Consider prior records when sentencing criminals
03/27/2013 4:14 PM
03/27/2013 4:42 PM
I was pleased with Judge Hyman’s ruling on animal cruelty and hopefully it will send a strong message to those who would mistreat animals in such a way.
However, it is quite bewildering to be aware of how leniently felons are dealt with in Horry County and the brief time many are incarcerated.
Unfortunately, some time ago I was the victim of one such offender. As a result of very extensive research the following was discovered: The offender had been tried 23 times in Kershaw County (13 times by the same judge). These crimes included assault and battery of a high and aggravated nature and also assault and battery with the intent to kill. Altogether he has been tried 10 times for assault. The subject was also tried once in Sumter County, twice in Florence County, once in Marion County and seven times in Horry County. He will soon be extradited to Brunswick County to be tried for arson and destruction of tires on several vehicles. Not withstanding the above, this man has been sentenced to long periods commensurate for the crimes.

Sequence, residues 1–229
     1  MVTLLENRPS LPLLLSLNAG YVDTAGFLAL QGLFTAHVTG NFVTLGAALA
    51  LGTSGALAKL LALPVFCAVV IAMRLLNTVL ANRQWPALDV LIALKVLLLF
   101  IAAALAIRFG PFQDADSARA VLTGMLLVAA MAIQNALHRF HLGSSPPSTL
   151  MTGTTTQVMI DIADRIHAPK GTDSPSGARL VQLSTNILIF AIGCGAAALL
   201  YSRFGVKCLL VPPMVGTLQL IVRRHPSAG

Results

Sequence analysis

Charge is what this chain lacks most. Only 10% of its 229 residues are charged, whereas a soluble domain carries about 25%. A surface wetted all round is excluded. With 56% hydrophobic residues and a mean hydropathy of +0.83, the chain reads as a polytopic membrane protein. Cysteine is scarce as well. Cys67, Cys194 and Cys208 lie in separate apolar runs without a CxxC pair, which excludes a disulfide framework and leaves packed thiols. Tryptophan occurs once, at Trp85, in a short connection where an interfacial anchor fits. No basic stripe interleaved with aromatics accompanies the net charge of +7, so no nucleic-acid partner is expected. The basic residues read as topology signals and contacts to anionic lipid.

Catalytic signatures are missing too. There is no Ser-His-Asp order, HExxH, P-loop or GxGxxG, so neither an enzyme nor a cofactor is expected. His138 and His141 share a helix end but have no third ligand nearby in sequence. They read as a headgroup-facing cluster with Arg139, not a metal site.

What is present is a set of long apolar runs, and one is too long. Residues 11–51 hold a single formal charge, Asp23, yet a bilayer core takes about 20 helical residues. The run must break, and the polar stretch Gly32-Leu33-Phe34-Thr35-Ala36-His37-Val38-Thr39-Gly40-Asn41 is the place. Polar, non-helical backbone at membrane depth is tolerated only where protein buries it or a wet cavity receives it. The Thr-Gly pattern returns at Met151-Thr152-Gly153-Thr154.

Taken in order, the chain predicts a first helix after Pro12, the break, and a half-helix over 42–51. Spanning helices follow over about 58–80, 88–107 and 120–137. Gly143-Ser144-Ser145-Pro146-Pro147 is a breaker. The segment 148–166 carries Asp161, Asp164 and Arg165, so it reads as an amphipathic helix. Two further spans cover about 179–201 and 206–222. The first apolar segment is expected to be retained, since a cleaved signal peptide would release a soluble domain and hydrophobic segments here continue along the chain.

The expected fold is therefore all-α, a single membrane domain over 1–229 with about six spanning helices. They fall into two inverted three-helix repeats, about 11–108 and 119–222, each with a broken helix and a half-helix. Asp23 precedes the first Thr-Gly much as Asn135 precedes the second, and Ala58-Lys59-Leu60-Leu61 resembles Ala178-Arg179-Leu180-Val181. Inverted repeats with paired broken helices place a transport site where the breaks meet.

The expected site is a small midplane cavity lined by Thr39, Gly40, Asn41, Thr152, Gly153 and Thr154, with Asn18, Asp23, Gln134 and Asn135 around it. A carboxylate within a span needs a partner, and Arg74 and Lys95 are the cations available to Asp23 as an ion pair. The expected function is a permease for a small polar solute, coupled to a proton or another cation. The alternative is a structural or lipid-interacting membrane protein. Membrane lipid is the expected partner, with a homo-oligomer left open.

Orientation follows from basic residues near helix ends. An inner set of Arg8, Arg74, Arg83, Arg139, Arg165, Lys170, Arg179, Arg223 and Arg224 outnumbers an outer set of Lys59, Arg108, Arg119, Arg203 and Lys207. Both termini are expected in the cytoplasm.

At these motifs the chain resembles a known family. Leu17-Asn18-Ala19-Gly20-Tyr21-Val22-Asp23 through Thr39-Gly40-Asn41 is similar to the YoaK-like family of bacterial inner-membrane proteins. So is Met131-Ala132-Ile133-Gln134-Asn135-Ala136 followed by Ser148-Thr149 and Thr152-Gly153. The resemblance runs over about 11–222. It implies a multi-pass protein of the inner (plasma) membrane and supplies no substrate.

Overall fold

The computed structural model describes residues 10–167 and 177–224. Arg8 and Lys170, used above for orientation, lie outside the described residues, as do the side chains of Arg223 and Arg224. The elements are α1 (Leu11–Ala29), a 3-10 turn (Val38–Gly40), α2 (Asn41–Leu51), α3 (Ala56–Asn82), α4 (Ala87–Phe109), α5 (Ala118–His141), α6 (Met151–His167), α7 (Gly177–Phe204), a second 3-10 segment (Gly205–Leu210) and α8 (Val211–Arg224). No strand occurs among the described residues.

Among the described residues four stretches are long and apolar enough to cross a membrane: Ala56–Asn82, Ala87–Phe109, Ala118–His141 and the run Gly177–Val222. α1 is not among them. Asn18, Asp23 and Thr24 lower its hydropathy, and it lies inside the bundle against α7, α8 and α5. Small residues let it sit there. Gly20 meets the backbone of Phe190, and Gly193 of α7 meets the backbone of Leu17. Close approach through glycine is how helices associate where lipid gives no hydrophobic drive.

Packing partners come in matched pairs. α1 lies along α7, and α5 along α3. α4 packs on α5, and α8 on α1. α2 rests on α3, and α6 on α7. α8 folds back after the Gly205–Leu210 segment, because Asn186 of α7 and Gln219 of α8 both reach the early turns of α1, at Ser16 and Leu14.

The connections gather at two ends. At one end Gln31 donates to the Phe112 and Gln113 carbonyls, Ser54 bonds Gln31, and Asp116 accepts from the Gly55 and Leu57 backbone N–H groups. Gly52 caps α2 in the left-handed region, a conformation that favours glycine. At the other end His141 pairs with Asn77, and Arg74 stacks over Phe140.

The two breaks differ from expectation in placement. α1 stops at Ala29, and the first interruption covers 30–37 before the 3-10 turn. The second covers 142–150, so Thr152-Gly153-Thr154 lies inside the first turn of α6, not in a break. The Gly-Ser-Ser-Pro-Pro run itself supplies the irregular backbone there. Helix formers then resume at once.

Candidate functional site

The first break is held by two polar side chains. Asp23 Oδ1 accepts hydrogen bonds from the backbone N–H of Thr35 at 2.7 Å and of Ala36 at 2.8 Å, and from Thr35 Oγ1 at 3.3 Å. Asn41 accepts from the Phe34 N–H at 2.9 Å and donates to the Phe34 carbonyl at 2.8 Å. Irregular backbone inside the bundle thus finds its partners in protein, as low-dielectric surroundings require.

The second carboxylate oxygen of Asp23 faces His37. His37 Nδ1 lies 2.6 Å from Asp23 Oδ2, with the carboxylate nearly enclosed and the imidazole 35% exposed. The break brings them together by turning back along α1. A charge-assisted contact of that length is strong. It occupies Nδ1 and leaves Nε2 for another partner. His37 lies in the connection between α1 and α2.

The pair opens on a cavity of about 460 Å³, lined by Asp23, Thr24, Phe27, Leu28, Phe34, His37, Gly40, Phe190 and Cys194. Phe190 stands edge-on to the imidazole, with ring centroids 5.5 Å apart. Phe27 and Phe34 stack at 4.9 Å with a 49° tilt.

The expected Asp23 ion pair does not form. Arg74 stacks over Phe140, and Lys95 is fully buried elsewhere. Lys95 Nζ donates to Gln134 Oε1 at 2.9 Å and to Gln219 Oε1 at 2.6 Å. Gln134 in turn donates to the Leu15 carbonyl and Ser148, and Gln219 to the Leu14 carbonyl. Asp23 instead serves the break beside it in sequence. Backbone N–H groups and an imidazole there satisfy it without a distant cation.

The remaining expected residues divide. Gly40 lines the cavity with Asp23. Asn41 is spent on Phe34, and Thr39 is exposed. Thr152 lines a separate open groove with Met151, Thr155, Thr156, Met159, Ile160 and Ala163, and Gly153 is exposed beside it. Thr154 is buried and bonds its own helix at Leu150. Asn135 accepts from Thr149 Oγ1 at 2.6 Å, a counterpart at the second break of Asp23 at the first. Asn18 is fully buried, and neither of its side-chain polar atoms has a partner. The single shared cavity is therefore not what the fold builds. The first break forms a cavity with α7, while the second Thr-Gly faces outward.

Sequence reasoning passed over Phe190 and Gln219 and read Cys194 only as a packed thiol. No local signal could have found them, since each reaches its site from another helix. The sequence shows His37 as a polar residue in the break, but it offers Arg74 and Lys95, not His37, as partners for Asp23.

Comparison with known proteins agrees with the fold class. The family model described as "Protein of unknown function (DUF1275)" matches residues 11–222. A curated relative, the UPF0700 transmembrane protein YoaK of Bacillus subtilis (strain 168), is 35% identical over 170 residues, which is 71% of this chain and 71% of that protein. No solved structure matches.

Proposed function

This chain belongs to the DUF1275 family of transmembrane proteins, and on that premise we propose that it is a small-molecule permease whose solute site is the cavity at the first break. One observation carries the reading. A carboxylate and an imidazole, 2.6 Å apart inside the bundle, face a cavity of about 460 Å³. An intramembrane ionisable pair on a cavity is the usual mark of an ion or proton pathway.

The above man has never received a “habitual criminal status” and has been in and out of jail for the past 20 years. I can only hope the Horry County solicitor and judges will look more closely at the past records of such offenders and deal with them as dangerous repeat offenders, putting them in prison for very long periods.
The writer lives in Calabash, N.C.
Editor's Choice Videos
Join the Discussion
Myrtle Beach Sun News is pleased to provide this opportunity to share information, experiences and observations about what's in the news. Some of the comments may be reprinted elsewhere on the site or in the newspaper. We encourage lively, open debate on the issues of the day, and ask that you refrain from profanity, hate speech, personal comments and remarks that are off point. Thank you for taking the time to offer your thoughts.